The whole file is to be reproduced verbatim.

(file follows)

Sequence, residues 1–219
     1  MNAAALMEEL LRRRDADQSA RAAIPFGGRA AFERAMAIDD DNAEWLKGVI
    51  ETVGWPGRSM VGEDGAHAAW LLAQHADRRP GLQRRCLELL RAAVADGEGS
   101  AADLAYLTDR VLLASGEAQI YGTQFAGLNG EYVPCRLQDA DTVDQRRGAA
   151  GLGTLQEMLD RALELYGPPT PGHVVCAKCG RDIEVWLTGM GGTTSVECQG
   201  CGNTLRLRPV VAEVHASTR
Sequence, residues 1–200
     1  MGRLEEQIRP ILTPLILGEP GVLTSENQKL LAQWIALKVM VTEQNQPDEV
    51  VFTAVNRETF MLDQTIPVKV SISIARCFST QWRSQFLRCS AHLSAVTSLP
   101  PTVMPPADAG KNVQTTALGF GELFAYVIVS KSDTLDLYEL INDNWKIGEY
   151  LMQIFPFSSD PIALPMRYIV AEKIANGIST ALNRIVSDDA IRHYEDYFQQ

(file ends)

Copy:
Sequence, residues 1–219
     1  MNAAALMEEL LRRRDADQSA RAAIPFGGRA AFERAMAIDD DNAEWLKGVI
    51  ETVGWPGRSM VGEDGAHAAW LLAQHADRRP GLQRRCLELL RAAVADGEGS
   101  AADLAYLTDR VLLASGEAQI YGTQFAGLNG EYVPCRLQDA DTVDQRRGAA
   151  GLGTLQEMLD RALELYGPPT PGHVVCAKCG RDIEVWLTGM GGTTSVECQG
   201  CGNTLRLRPV VAEVHASTR
Sequence, residues 1–200
     1  MGRLEEQIRP ILTPLILGEP GVLTSENQKL LAQWIALKVM VTEQNQPDEV
    51  VFTAVNRETF MLDQTIPVKV SISIARCFST QWRSQFLRCS AHLSAVTSLP
   101  PTVMPPADAG KNVQTTALGF GELFAYVIVS KSDTLDLYEL INDNWKIGEY
   151  LMQIFPFSSD PIALPMRYIV AEKIANGIST ALNRIVSDDA IRHYEDYFQQ